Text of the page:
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Home > iSGTW - 22 October 2008 > iSGTW Feature - NYSGrid and the Lord of the Wings

Feature - NYSGrid and the Lord of the Wings

This illustrates the pressure contour plot of the air flow field around a rotator wing that is at the highest angle of attack over 50% and 99% position of span. (Top is 3-D representation, bottom  is 2D.)

Image courtesy of Ercan Dumlupinar.

British actor Sean Bean won’t fly. On at least one occasion during filming of The Lord of the Rings, he forced the air-lifted cast to wait on a snowy mountaintop while he ascended on foot to join them.  He just didn't trust the helicopter.  Bean (and his future colleagues) might be happy to know that somebody’s working to make helicopters safer.

A research team, led by Vadrevu Murthy from the department of Mechanical and Aerospace Engineering at Syracuse University, studies aerodynamic loads on helicopter rotors that transfer directly to the vehicle’s control system. The team’s numerical simulations of air flow are expected to advance helicopter rotor technology and lead to designs that avoid instability (and nervous would-be passengers).

Helicopter rotor flow is unsteady even for steady flight. The pitch of the blade must vary to offset the different lifts felt by the advancing and retreating blades. On the retreating side, the angle of attack is larger, and the flow sometimes stalls. Stalling on a helicopter rotor at high speed or in maneuvering flight causes pitching forces on the blade and loads on the control system that in turn cause fatigue problems for critical helicopter rotor components.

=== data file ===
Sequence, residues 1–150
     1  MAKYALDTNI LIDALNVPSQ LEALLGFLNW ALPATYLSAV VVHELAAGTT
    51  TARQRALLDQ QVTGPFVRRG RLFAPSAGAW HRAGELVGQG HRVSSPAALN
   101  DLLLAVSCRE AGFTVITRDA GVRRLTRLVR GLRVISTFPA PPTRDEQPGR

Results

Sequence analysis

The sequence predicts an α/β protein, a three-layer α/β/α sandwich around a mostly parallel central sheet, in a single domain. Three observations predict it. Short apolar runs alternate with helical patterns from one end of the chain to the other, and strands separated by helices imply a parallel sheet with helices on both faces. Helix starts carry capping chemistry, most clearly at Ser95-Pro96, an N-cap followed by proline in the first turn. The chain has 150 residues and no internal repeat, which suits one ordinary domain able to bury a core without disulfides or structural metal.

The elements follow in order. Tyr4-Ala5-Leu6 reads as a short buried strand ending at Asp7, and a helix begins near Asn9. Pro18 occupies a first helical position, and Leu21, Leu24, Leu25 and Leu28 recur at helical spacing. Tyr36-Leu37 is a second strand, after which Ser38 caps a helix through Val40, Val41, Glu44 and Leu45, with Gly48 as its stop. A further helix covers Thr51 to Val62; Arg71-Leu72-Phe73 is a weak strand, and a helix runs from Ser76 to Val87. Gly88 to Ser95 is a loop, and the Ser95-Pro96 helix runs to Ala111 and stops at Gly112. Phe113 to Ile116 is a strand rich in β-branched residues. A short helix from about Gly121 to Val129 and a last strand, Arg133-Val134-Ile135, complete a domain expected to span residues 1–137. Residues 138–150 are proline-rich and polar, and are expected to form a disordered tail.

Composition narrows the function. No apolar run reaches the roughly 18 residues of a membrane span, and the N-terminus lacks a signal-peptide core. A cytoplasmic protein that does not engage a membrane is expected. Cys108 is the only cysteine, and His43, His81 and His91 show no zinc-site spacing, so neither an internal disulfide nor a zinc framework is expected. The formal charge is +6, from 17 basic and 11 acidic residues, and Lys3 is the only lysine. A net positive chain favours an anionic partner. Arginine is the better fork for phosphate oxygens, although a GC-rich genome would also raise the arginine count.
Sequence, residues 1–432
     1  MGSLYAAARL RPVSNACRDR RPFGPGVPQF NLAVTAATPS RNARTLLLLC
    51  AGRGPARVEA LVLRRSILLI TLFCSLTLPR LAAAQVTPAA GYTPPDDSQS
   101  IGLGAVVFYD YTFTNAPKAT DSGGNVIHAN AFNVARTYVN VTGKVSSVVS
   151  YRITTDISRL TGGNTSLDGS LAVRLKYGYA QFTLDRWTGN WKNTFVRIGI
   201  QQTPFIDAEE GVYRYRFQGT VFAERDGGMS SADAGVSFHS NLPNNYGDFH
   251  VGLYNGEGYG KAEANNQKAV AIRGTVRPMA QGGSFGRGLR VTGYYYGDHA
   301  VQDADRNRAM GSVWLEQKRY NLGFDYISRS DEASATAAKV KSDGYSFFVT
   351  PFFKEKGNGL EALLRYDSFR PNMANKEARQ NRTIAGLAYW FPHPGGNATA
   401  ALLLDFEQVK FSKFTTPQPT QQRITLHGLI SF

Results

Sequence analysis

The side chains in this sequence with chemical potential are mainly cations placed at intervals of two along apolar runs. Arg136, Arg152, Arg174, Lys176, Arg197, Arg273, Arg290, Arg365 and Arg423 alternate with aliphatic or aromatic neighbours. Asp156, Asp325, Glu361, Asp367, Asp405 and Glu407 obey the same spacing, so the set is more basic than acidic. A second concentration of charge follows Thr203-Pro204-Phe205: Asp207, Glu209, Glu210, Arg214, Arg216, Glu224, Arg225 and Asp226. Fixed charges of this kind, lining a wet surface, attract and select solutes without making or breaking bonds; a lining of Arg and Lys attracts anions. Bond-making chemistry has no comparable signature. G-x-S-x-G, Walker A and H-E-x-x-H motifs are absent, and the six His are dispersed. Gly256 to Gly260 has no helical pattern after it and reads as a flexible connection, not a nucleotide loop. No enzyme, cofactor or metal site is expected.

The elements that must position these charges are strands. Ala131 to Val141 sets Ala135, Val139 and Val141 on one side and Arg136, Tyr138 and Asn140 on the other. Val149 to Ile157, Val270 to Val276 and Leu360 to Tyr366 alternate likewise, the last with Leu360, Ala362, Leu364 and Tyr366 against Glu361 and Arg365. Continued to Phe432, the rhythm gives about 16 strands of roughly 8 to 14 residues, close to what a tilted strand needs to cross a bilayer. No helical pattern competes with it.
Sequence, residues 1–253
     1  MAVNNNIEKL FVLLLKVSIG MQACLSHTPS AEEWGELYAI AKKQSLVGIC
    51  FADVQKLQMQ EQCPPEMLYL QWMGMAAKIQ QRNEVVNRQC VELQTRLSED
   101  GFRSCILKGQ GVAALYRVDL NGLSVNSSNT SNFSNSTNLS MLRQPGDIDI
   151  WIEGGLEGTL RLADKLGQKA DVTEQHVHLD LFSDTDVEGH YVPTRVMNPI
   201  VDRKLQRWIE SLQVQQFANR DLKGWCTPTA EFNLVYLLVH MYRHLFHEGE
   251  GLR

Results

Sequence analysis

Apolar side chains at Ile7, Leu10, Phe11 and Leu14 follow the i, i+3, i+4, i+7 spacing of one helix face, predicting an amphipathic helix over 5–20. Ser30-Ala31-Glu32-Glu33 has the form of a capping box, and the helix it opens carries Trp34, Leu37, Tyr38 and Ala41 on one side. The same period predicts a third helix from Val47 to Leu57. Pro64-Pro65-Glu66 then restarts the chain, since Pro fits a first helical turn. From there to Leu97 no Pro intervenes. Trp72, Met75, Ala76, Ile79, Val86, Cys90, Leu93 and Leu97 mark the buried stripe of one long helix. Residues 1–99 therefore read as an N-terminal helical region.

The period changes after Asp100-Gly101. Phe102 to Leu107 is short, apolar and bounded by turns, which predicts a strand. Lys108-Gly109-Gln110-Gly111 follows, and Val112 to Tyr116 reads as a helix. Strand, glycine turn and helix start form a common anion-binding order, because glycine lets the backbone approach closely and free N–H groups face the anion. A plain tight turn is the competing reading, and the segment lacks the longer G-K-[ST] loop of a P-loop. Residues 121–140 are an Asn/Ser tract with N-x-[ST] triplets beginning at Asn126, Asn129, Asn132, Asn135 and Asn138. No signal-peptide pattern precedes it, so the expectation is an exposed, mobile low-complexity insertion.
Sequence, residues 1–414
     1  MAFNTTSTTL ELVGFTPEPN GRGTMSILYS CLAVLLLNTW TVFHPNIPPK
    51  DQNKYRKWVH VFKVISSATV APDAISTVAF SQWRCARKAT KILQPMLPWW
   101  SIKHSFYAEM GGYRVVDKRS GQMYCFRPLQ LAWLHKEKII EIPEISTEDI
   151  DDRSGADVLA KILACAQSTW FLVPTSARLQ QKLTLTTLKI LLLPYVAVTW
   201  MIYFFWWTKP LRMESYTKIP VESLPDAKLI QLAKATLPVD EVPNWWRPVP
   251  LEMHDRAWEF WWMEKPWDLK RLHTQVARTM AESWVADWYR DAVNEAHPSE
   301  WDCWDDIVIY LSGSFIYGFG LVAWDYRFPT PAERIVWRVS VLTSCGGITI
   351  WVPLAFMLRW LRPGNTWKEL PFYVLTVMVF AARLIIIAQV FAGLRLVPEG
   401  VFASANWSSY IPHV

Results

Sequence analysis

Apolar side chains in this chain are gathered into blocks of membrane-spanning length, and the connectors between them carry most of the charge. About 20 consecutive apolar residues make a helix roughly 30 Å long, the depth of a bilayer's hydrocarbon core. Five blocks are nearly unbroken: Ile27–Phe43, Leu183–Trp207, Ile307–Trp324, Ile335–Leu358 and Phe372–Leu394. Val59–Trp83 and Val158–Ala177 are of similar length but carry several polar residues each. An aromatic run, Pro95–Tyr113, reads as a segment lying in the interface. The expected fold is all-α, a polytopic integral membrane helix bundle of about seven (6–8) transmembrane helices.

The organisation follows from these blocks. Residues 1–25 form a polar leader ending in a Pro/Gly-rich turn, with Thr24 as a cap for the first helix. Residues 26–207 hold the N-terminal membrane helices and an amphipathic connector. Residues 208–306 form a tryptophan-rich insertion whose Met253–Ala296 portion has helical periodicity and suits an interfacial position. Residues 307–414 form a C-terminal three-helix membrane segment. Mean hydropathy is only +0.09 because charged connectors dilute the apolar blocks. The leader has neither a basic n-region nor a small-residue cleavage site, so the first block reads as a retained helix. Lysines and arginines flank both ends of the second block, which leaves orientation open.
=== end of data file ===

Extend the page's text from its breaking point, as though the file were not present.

To model the air flow, team member Ercan Dumlupinar uses the commercial version of the Cobalt application developed by Cobalt Solution, LLC to solve a set of equations that describe fluid flow and similar phenomena. The MPI (Message Passing Interface) Cobalt jobs communicate with each other during execution and require significant computing resources. 

Top picture shows a schematic representation of fundamental research areas. Bottom picture illustrates air velocity on advancing and retreating sides.

Image courtesy of Ercan Dumlupinar 

Dumlupinar needed more CPUs than were available at SU. Steve Gallo of the Center for Computational Research (CCR) in Buffalo, a NYSGrid site, and Jorge Gonzalez-Outeirino, of ITS-Syracuse University, helped him move the processing to the CCR. They used Globus tools to push the files required by Cobalt to this site, and Dumlupinar ran the simulations there through NYSGrid.  He’s run six sets of simulations, each taking 78 CPU hours on 16 nodes.

The researchers have validated the computed flow field against the experimental flow visualization performed by Piziali (NASA TM-4632) and they plan to submit it to the AIAA Fluid Dynamics Conference in June 2009.

“The success of our results applied to one rotor wing will help us to understand the next step of our approach to the entire four-bladed rotor in forward fight conditions,” says Dumlupinar. “Our ultimate goal is predicting an entire flow field of a helicopter in forward flight.”

Ercan Dumlupinar, Syracuse University, with Anne Heavey, iSGTW

NYSGrid uses the Open Science Grid middleware, and all its sites are available to the OSG Engagement VO; some are available to other VOs as well. The nodes at its CCR site in Buffalo are available to all OSG users.


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